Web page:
A Q&A with Jerry Glover of Leavens, Strand, & Glover about his work and achievements in entertainment law.
How did you get into entertainment law? Were there any particular inspirations (people, events, or film) that spurred your interest?
I had an early interest in the industry. I did a lot of theater as a kid, starting at nine years of age and [as a] young adult (primarily musical theater) working as keyboard player, music director, actor, singer, dancer). When I moved to Chicago in 1980, I did some legal work for directors, choreographers, etc. on my own and through Lawyers for the Creative Arts (a Chicago-based legal services organization providing pro bono and low-cost legal services to Chicago’s creative communities). I then became in-house (and eventually senior vice president/general counsel) for Chicago’s public television station, WTTW, a major producing station for nationally broadcast programming on PBS. Because of the many shows/series produced by WTTW and the off-TV licensing deals they often involved, I learned a lot about the production business and licensing. I later joined a small entertainment firm and continued to represent primarily producers of film, theater, and TV. With two other partners, I formed Leavens, Strand & Glover in 2009. We are all entertainment lawyers and represent clients in all entertainment industries, including digital.
Who are some of your clients, and how have you advised them?
I still represent WTTW as outside counsel for production/underwriting/promotion matters. I have also represented Paramount Pictures Worldwide Marketing Partnerships division doing deals with large corporations that have agreed to co-promote new motion picture releases from Paramount;Telepictures – Warner Bros. syndicated programming, including The Ellen DeGeneres Show, for promotion/marketing matters; Harpo Productions for certain IP matters; Oprah Winfrey for various matters as well as the Oprah Winfrey Network for standards and practices matters and advertising review matters; the original producers of the Broadway musical, Spider-man Turn off the Dark; and WGN America for promotion matters related to several of the network’s original series. I have also served as production counsel for various reality shows produced by E! Entertainment, Telepictures, Warner Bros., and Warner Bros. Horizon.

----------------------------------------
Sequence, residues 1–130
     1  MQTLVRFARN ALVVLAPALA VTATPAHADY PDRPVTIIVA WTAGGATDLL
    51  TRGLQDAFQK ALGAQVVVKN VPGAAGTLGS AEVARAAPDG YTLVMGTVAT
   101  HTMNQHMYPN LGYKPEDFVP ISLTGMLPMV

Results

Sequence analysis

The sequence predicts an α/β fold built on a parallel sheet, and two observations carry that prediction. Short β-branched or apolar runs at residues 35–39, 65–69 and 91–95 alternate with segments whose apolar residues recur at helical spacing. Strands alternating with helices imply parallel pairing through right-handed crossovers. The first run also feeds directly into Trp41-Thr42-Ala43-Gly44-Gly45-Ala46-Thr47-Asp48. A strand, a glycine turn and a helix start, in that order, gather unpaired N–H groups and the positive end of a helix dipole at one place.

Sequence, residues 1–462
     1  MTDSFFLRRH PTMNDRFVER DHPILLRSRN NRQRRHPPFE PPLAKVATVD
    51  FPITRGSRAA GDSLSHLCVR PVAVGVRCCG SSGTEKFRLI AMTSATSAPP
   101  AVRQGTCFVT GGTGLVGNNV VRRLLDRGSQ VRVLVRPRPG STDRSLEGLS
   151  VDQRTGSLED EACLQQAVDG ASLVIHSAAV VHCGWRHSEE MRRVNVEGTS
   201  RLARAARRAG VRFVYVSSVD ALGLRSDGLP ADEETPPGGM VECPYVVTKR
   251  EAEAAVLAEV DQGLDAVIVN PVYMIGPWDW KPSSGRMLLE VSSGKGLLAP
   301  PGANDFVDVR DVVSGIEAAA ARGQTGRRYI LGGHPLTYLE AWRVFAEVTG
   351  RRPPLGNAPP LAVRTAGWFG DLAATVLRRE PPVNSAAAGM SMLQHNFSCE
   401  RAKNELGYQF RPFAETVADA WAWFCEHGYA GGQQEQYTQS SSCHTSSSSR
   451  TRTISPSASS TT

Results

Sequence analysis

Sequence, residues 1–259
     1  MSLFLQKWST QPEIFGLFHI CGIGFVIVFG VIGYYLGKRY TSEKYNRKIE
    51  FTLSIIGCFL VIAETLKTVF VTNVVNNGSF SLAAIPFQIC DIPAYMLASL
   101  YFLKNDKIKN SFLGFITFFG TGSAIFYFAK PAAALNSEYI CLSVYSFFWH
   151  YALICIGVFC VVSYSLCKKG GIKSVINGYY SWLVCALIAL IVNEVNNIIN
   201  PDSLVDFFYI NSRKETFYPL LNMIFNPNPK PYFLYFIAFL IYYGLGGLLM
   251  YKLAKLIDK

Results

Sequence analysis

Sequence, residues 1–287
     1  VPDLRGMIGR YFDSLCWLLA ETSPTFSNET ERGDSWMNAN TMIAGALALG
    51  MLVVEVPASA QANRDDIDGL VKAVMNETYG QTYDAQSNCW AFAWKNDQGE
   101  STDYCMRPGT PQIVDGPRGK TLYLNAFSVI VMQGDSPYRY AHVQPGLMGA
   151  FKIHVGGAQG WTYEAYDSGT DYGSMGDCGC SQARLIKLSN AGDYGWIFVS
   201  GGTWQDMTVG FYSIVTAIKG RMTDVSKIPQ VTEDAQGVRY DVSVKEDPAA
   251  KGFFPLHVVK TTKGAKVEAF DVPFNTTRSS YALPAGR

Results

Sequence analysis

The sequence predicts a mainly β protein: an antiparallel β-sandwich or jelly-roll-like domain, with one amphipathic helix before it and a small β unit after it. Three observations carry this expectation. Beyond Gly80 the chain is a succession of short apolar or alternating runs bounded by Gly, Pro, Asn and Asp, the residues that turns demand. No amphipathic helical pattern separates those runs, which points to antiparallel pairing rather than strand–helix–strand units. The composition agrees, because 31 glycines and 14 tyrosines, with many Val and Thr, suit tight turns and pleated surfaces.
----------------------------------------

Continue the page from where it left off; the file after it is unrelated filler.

What can you tell me about some of your most interesting or recent work?
Recently I have been working on some interesting agreements involving options for a client’s television pilot script, an agreement with a well-known motion picture screenplay writer (I represent the author of the book on which the screenplay will be based), [and] advising a production company on the use of drones.
What qualities do you possess that you find particularly relevant/necessary for entertainment law?
You must enjoy and understand the many unusual personalities in the entertainment industry. You must also know the industry’s customs/business practices.
What is your ultimate goal in your practice?
The goal every lawyer has: to represent the client in a zealous, professional manner.
What kind of lessons have you learned along the way?
Don’t let the other side get to you.
Are there any particular honors or activities that you are involved with?
President of the Board of Directors, Lawyers for the Creative Arts; The Thomas Leavens Award from Lawyers for the Creative Arts; Law Firm of the Year Award from Lawyers for the Creative Arts; Hall of Fame inductee of the Chicago Gay Men’s Chorus.
Glover extends his gratitude and deepest respect to partners, Tom Leavens and Peter Strand, and the wonderful members of his firm for their support.